"The Milton S. Kronheim, Sr. Collection: Celebrity and Friendship"
By Margery Elsberg
Editor’s Note: This article was originally published in JHSGW's journal, The Record, in 1999 in celebration of the donation of more than 400 photographs from Milton S. Kronheim, Sr.’s famed lunchroom walls to our archival collections, through the generosity of the Kronheim Family. We are sharing it today on the occassion of the anniversary of the end of Prohibition.
For more than a half-century, Milton S. Kronheim’s treasured photographs lined the walls of his company lunchroom, a testimony to his longevity and success. Row after row of famous likenesses ensured an air of celebrity and friendship, power and triumph. They made the room inviting and exciting, easy to fill with laughter and conversation.
And filled it was, day after day, week after week, decade after decade. From around 1928, when Mr. Kronheim was about 40, until a few years before he died in 1986 at the age of 97, this Washington legend hosted lunches for an extraordinary array of friends: presidents and diplomats, justices and judges, senators and congressmen, lawyers, doctors, businessmen and boxers—surrounded always by those fabulous photos.
President Harry Truman was there, on the wall and in the flesh. So was Chief Justice Earl Warren and Associate Justices Thurgood Marshall, William J. Brennan, Jr., William O. Douglas and Sandra Day O’Connor. U.S. District Court Judge John J. Sirica, who presided over the Watergate trials, was one of Mr. Kronheim’s oldest cronies. The two men had met during Prohibition, when Mr. Kronheim was a bail bondsman and John Sirica was a young lawyer. That was before Mr. Kronheim returned to his first career, selling wine and spirits to a capital city where social calendars are filled with diplomatic and lobbyists’ receptions.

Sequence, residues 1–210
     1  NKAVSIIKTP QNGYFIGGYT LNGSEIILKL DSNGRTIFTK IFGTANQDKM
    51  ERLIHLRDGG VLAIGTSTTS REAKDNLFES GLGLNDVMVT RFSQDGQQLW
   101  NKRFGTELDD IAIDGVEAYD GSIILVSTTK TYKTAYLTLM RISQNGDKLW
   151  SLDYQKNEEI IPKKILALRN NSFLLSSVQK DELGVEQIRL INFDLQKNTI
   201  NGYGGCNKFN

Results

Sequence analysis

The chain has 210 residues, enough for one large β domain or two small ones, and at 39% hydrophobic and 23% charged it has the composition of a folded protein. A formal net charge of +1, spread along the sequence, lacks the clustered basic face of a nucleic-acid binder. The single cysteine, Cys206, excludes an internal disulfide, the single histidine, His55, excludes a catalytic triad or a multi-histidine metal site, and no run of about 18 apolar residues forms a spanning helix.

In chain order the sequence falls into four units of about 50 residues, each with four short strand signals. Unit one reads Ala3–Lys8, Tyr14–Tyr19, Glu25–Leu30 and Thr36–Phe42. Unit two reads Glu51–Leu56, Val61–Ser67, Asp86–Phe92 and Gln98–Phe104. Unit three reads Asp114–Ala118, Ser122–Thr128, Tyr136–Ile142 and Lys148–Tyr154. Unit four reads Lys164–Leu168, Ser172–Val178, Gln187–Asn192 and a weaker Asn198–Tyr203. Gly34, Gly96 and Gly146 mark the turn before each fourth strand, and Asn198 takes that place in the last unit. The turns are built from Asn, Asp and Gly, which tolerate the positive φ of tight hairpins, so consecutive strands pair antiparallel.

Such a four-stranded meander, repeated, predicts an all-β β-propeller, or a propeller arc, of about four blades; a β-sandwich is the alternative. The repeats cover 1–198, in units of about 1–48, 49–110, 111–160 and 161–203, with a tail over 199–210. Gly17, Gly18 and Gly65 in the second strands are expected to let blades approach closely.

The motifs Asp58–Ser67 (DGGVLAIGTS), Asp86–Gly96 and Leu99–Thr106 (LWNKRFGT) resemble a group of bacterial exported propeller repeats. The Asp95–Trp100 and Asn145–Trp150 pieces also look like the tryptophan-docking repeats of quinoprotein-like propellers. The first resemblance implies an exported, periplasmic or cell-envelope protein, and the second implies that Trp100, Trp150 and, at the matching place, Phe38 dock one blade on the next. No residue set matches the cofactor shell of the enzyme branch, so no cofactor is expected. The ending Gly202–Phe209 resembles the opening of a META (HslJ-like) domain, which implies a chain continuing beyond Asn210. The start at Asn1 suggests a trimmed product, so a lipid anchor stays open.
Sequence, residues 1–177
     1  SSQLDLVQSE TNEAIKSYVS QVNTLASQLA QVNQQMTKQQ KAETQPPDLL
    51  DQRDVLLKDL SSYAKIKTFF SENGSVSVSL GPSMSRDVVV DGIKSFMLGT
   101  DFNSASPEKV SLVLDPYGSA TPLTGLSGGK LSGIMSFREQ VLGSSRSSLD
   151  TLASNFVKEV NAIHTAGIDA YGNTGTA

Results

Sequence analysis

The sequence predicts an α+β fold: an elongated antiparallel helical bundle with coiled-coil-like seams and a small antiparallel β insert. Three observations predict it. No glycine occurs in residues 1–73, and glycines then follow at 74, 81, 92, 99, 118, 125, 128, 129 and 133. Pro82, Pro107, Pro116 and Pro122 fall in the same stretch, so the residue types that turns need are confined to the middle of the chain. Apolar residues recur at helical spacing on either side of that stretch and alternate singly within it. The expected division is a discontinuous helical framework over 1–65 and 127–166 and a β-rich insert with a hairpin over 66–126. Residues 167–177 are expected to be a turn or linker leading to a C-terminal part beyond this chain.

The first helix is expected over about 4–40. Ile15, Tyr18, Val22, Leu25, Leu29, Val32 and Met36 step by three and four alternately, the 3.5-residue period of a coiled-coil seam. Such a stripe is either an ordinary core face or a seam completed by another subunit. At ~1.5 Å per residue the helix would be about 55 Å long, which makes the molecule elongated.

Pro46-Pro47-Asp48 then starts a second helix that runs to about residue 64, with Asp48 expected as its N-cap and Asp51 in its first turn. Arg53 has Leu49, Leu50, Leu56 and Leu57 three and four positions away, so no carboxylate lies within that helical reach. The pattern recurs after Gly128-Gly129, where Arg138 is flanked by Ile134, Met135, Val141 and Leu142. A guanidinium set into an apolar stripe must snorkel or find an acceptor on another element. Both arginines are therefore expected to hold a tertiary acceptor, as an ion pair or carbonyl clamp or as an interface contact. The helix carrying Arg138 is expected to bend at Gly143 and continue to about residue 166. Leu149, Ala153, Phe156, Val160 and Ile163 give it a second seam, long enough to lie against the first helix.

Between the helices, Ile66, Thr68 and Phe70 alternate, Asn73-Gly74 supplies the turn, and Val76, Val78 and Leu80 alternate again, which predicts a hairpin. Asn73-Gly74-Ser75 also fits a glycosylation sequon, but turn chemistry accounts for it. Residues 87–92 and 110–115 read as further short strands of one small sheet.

Mr. Kronheim was born in his parents’ home at K and 4½ Streets, SW, in the midst of Washington’s Jewish community. Arena Stage and Waterside Mall help fill that neighborhood now. In 1903, when he was just 14, young Milton dropped out of Business High and opened his first liquor store at 3218 M Street, NW. Married to the former Meryl Goldsmith (the marriage ended in divorce), Mr. Kronheim had two children, Judge Milton Kronheim, Jr. and Judith Stahl. For the last third of his life, he lived at the Mayflower Hotel.
Except for the Prohibition years, Mr. Kronheim stayed in the liquor business—and remained a teetotaler—building the largest wholesale distributorship in the Washington-Baltimore area and amassing a fortune in money, friendships and influence.
Every Sunday, Milton Kronheim pitched for his baseball team, the Kronheim A.C. Bearcats, until his arm gave out when he was in his mid-eighties. He played handball well after that. He loved his city, was loyal to his friends, fought against racial and religious prejudice and shared his wealth with the poor.
Mr. Kronheim was a major supporter of the Democratic Party (he gave more than $100,000 to the Democrats the year Truman won the White House) as well as to the State of Israel, Georgetown University, St. John’s College High School and the Little Sisters of the Poor. As his photographs document, he was honored by the National Conference of Christians and Jews (now the National Conference for Community and Justice), Washington Hebrew Congregation, the Ancient Order of Hibernians and the Washington Knights of Columbus. For years, he served on the advisory council of the Anti-Defamation League of B’nai B’rith.
The Kronheim photographs are both a pictorial biography and a who’s who of Washington throughout most of the 20th century. The following pages contain a few of the thousands of photographs that lined the walls of the Milton S. Kronheim Company dining room on V Street in Northeast for so many years. That’s where the plastic chairs were stackable, the food was delicious but plain, and the host was Washington’s best.
In the spring of 2015, I started to volunteer with the Jewish Historical Society of Greater Washington (JHSGW) to learn more about DC’s Jewish history and to receive hands-on experience in a Jewish historical institution that provides museum education. I helped with educational programs that included curriculum-based education in the Lillian & Albert Small Jewish Museum for students, as well as walking tours and educational programming for the public at large.